In a case that has continued for more than five years, the U.S. District Court for the Eastern District of Michigan recently issued a decision regarding the exchange of detailed, non-public information about the compensation rates of nurses among Detroit-area hospitals.*  The decision in this antitrust case is a classic example of "good" news and "bad" news.

The focus of the litigation is the defendants' compliance with a 1996 policy statement from the U.S. Justice Department and the Federal Trade Commission, "Statements of Antitrust Enforcement Policy in Health Care" (  Statement 6 provided that the federal agencies would not challenge the exchange of wage, salary, or benefits data, as violating the federal antitrust laws, if the exchange occurred via written surveys, under the following conditions:

  • The survey must be managed by a third party, such as a health care consultant or trade association;
  • The data being provided must be more than three months old; and
  • At least five employers must provide information, such that no individual employer's data represents more than 25 percent on a weighted basis of that statistic, and any information disseminated must be aggregated such that it would not allow a recipient to identify any particular employer's compensation.  

In Cason-Merenda, two registered nurses and a proposed class allege that eight Detroit-area hospitals (three remain in the case as defendants) violated the federal Sherman Act by exchanging pay information not otherwise available to the public, and then used the information to depress artificially current and future nurse wages (below what they would have been if they did not exchange information).  The plaintiffs contend and offered evidence proving that the information exchanges, in circumvention of the 1996 policy statement, were in the form of (a) direct communications between the HR staffs of the providers, (b) health care industry organization meetings, and (c) third-party surveys not meeting the required 1996 policy statement conditions.  As to the last point, the plaintiffs showed that the defendants took part in the design of the surveys, the surveys included compensation data less than three months old (and in some instances current data and future plans), and recipients were able to discern the specific compensation rates of individual hospitals.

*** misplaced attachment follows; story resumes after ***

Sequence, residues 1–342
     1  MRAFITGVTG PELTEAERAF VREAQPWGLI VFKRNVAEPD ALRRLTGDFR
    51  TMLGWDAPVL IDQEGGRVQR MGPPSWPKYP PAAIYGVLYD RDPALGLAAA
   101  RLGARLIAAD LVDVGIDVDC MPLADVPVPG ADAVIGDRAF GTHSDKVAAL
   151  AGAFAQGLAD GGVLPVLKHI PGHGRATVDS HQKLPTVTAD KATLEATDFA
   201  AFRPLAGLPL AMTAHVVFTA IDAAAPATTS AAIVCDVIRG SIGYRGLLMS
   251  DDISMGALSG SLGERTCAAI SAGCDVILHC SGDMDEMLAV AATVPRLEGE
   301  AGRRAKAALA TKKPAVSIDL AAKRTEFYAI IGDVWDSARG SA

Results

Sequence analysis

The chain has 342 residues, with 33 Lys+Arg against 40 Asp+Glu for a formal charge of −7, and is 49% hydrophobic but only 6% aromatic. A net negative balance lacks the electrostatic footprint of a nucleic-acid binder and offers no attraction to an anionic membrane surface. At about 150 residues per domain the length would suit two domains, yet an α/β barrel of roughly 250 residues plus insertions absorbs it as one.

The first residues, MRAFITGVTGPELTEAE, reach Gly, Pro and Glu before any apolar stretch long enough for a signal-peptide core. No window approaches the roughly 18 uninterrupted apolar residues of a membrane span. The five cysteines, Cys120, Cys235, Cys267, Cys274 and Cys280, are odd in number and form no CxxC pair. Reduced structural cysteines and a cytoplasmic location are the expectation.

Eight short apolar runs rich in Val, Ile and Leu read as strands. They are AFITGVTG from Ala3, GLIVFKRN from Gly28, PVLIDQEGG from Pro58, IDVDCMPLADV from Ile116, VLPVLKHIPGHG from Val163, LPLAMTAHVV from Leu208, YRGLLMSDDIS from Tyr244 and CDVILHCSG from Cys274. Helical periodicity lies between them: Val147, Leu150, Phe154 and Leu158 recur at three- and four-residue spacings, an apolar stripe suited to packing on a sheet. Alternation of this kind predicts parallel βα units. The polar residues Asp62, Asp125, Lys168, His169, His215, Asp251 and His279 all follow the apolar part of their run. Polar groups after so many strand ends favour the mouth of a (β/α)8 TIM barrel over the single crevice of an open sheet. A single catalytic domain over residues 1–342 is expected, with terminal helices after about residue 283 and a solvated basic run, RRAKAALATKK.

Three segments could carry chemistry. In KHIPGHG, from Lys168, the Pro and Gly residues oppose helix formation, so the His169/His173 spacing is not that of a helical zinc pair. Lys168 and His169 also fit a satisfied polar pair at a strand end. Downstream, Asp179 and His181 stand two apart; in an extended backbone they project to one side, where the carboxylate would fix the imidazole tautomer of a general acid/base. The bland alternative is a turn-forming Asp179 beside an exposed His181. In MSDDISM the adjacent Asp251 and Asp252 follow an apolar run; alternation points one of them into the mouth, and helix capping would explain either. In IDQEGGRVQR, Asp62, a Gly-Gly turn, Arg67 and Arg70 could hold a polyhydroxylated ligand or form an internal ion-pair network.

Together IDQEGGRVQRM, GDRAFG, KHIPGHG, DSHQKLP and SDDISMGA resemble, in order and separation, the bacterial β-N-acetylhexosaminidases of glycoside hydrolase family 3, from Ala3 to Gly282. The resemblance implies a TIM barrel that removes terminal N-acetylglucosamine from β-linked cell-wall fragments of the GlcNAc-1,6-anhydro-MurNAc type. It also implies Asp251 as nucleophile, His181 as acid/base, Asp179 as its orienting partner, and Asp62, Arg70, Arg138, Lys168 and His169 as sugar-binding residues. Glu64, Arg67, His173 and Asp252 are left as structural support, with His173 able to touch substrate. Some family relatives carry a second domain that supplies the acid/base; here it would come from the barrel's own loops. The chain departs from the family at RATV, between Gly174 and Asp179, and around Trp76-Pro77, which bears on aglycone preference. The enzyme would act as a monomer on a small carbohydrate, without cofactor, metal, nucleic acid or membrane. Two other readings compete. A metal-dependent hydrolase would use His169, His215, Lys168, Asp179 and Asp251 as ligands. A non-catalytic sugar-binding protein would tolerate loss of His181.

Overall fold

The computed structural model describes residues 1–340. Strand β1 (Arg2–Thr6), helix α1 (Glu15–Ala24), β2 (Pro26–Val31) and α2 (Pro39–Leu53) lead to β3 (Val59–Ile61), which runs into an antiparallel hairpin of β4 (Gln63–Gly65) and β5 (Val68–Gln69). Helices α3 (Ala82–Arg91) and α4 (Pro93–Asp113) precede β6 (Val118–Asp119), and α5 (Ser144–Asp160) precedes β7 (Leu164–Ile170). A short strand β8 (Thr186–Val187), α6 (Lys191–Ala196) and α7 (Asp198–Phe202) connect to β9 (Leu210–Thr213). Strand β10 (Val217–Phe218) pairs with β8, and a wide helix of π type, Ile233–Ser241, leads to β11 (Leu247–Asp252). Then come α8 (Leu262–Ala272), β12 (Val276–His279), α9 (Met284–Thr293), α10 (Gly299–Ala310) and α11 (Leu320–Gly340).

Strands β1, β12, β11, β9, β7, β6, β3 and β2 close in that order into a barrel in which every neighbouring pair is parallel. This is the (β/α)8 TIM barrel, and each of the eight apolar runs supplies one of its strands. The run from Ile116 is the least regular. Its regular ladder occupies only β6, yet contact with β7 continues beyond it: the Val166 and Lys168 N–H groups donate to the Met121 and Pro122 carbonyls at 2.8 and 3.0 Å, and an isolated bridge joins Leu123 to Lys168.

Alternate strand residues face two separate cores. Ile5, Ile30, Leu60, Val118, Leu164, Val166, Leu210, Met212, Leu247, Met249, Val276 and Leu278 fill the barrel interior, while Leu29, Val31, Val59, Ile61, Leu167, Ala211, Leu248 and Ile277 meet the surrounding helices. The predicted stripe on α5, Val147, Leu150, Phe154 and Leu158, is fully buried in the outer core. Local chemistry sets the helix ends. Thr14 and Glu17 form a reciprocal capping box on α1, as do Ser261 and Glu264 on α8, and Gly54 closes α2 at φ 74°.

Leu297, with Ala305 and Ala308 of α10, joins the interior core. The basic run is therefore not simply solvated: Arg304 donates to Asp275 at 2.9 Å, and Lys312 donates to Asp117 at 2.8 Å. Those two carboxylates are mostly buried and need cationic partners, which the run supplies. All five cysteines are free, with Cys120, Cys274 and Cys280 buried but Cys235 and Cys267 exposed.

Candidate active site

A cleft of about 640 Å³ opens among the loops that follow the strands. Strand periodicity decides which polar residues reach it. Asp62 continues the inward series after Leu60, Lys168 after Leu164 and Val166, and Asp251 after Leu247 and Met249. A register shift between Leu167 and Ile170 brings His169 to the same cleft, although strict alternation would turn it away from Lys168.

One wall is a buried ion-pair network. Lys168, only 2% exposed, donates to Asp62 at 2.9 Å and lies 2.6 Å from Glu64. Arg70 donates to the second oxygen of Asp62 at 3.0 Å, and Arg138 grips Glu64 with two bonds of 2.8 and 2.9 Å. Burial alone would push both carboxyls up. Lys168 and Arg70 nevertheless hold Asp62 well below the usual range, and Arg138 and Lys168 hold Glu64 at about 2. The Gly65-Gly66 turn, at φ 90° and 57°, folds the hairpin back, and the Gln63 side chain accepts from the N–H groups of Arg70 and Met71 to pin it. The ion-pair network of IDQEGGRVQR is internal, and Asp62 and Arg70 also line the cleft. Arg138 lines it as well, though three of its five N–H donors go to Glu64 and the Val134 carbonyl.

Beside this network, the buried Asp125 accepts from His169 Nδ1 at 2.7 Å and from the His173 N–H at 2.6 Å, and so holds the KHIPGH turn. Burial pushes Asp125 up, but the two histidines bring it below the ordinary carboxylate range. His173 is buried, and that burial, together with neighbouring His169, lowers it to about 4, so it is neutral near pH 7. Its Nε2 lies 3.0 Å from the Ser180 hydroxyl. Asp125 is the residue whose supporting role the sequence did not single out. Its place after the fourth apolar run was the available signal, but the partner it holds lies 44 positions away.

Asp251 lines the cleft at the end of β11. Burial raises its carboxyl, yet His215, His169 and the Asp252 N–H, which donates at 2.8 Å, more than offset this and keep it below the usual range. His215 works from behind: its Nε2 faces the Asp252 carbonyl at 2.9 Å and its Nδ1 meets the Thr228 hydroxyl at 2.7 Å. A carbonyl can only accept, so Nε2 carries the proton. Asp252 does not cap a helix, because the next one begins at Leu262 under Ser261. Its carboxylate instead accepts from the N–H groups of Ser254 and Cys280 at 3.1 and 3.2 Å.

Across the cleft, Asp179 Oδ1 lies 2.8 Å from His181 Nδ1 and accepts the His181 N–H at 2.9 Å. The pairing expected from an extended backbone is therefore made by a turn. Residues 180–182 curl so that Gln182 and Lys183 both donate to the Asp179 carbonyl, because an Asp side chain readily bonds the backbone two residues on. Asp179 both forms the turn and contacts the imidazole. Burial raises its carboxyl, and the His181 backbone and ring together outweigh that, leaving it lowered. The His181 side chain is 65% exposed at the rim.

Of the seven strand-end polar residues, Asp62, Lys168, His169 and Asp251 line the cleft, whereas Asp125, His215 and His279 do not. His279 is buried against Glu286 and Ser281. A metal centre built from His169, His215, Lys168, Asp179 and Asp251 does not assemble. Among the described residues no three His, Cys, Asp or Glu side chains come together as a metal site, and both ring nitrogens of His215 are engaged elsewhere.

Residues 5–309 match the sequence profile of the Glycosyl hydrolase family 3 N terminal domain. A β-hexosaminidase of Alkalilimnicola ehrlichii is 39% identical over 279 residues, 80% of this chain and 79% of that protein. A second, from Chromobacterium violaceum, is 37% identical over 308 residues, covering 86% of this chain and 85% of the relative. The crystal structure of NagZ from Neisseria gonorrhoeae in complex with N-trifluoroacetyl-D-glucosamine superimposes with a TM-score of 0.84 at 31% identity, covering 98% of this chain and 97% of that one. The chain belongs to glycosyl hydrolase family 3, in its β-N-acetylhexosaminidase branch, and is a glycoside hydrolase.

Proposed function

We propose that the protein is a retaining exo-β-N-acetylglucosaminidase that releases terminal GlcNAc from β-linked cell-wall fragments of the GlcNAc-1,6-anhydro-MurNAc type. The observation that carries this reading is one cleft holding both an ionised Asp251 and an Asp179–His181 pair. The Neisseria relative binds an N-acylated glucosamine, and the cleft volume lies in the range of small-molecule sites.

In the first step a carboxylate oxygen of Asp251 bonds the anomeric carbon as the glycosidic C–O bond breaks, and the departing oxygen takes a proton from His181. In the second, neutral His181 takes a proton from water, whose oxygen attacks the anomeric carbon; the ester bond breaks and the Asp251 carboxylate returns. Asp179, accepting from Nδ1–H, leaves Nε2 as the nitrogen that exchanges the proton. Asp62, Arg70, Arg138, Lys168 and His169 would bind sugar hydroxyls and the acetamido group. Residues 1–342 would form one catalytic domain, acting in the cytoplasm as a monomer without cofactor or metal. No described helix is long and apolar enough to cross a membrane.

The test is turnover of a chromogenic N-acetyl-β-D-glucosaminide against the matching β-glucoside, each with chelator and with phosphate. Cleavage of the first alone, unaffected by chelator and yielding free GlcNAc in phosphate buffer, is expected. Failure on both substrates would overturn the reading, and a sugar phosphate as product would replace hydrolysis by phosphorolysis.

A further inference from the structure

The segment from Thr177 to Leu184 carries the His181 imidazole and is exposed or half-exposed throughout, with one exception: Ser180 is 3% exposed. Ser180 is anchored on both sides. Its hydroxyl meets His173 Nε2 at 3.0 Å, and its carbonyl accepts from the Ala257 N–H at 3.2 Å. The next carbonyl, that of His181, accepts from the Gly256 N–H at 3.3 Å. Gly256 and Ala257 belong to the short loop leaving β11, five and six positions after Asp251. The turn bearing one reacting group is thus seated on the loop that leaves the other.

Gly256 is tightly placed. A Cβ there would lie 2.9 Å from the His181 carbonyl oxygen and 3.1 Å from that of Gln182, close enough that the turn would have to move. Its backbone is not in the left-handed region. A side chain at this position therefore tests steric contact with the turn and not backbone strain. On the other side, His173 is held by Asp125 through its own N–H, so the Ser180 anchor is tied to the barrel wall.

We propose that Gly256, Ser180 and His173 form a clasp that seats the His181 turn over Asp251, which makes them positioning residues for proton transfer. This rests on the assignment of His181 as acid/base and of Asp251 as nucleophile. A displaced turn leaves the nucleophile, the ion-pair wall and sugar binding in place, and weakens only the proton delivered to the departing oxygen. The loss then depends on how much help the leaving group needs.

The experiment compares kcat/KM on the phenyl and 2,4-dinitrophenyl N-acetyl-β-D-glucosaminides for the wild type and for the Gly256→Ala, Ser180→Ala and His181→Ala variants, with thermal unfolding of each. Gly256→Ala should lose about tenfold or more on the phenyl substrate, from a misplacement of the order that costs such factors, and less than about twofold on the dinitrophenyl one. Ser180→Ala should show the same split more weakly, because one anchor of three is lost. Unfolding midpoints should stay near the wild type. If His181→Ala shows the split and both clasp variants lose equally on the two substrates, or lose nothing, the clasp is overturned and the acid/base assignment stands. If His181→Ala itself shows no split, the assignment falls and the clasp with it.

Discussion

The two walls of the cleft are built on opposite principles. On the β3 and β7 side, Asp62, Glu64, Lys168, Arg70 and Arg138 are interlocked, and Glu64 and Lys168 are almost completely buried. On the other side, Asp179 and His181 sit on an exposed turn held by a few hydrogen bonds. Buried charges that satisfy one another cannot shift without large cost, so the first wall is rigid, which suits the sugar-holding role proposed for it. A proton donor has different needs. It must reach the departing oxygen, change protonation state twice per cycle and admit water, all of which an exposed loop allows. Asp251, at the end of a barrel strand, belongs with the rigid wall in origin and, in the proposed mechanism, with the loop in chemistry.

The "good" news from the recent decision is that the Court entered summary judgment against plaintiffs' claim that the defendants had committed a per se violation of the Sherman Act by agreeing to fix wages.  The Court ruled that there was no evidence that the defendants had agreed to fix wages - if that had been proven, a per se violation would have been found - and that, consistent with the evidence, the defendants may have acted independently after receiving the data. 

The "bad" news from Cason-Merenda is that the Court denied the defendants' summary judgment motion on the alternative "Rule of Reason" Sherman Act claim.  In a Rule of Reason case, antitrust liability may rest on anti-competitive actions harmful to the marketplace, even when no anti-competitive conspiracy or intent is proven.  The Court ruled that a jury could infer from the evidence that defendants - while not having conspired to fix wages - caused harm to competition and/or injury to the plaintiffs or their putative class by their data exchange.  With this ruling, the case may proceed to trial.  Assiduous adherence to the 1996 DOJ/FTC policy statement by the defendants could have prevented this protracted litigation.

* Cason-Merenda v. Detroit Med. Center, No. 2:06-cv-15601 (E.D. Mich. Mar. 22, 2012).